State/Society: Narrating Transformations in Selected African Novels

Researcher:

Dr. Gilbert Shang Ndi

Research Area:

B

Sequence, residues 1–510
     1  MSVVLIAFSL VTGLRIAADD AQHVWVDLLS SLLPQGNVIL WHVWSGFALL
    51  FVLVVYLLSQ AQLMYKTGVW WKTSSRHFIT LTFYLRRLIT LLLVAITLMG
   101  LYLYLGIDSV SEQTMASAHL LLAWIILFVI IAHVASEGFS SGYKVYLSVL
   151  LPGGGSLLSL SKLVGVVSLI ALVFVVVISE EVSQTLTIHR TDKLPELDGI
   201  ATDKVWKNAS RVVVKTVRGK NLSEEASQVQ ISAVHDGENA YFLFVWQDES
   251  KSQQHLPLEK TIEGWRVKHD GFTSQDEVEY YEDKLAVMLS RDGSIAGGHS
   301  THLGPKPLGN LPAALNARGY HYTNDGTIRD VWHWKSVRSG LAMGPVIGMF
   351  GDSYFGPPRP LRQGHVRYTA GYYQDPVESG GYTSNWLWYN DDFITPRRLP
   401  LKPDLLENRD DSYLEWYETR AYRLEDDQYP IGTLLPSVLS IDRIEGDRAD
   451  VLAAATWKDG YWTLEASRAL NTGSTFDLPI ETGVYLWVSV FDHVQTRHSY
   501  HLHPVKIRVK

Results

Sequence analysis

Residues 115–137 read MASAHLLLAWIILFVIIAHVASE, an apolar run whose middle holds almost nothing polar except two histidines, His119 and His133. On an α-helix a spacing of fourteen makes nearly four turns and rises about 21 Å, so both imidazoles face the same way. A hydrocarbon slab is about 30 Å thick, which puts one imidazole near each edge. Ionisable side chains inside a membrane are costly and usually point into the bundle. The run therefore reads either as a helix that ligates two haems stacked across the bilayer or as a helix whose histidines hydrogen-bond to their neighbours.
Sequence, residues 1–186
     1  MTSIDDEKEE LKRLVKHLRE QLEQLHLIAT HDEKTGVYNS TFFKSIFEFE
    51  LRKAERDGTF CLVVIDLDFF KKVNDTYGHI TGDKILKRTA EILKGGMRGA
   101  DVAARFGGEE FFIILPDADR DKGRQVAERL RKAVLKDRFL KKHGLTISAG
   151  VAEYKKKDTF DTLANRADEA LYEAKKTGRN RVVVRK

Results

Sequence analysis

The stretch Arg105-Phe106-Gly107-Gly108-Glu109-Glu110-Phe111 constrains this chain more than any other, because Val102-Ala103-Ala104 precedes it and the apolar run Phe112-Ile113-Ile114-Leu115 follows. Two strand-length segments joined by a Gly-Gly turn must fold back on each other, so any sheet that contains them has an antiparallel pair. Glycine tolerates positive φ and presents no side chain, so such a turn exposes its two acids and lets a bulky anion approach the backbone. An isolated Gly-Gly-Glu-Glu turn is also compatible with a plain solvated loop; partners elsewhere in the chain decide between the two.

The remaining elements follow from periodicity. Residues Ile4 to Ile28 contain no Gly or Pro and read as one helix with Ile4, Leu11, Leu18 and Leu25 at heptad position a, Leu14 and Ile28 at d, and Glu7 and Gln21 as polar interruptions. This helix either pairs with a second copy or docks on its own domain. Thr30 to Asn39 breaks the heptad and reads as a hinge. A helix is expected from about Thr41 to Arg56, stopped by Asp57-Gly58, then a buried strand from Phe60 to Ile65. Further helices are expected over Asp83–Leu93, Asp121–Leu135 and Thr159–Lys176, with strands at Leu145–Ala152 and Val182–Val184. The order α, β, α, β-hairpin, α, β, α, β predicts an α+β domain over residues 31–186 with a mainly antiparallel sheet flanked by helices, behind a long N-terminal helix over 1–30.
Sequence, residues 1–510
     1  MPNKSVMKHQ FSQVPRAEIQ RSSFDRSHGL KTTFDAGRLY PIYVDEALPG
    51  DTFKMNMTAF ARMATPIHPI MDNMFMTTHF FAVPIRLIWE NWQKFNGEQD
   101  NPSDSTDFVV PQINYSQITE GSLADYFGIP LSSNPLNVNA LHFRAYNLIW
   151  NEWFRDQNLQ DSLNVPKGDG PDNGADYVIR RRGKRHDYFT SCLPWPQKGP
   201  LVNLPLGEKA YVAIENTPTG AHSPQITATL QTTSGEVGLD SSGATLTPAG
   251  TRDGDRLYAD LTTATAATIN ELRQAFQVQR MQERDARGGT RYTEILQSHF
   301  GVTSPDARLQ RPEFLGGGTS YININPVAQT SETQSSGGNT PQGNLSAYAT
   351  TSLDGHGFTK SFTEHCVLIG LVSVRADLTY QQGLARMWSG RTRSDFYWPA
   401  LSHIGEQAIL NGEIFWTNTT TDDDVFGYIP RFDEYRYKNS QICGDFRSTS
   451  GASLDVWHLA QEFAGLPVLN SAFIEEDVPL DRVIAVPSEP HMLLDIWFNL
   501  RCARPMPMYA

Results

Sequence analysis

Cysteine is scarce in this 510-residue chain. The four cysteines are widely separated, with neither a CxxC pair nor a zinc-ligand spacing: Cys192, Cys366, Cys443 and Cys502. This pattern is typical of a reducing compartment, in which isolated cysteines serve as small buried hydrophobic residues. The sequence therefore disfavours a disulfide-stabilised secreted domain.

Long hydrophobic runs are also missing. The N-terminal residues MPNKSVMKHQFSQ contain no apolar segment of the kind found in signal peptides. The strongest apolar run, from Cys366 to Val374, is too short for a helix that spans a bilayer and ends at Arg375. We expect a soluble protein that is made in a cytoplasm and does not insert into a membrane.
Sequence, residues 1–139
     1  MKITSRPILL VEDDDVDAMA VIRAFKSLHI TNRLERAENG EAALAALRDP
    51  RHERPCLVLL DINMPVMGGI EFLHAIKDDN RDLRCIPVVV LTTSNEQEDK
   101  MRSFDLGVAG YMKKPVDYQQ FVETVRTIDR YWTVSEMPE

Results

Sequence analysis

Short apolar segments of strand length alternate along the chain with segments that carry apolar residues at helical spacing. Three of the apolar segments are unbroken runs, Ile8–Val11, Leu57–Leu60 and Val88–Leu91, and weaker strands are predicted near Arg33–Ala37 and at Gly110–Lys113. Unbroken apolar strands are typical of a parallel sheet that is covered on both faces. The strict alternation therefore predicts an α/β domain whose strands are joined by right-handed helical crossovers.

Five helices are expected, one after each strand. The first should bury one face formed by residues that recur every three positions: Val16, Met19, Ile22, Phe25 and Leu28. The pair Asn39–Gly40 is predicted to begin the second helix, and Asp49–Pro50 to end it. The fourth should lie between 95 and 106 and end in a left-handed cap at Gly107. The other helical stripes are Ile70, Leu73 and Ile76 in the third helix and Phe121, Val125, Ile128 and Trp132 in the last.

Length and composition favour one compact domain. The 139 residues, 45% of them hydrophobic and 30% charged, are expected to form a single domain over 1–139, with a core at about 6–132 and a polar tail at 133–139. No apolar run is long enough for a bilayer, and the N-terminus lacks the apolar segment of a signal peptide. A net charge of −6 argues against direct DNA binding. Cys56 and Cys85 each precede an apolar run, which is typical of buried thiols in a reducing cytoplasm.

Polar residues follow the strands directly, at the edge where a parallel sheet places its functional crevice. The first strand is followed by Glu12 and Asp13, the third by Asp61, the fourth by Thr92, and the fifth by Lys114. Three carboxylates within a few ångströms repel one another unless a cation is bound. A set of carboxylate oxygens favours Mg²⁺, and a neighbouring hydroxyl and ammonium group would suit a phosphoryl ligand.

The present research is a study of the representation of the State-society relationship in post-independence Africa in literary works. The corpus is constituted of four selected novels by Ahmadou Kourouma, Ayi Kwei Armah, Ngugi wa Thiong’o and Sony Labou Tansi. From a diachronic and synchronic perspective, we examine the portrayal of State-society relationship across socio-political (r)evolutions in the works of the individual authors in comparison with their contemporaries. This is done through the analysis of the dynamism of aesthetic/ethical visions of the selected authors and the tendencies, convergences and peculiarities that can be inferred thereof. Using the postcolonial and sociological theories of literary analysis, the research examines the centrality of the State in the power configuration, ideological formulation and political marginalisation in postcolonial African societies. In the same vein, it analyses the (ab)use of history, colonial memory and culture in post-independence societies and how they conjugate in the politics of power legitimisation and resistance in the postcolony. This analysis permits us to critically examine the mediating role of the author/intellectual in the situation of State-society antagonism and the articulation of a socio-political vision in the post-independence African literary context in the face of apparent historical determinism.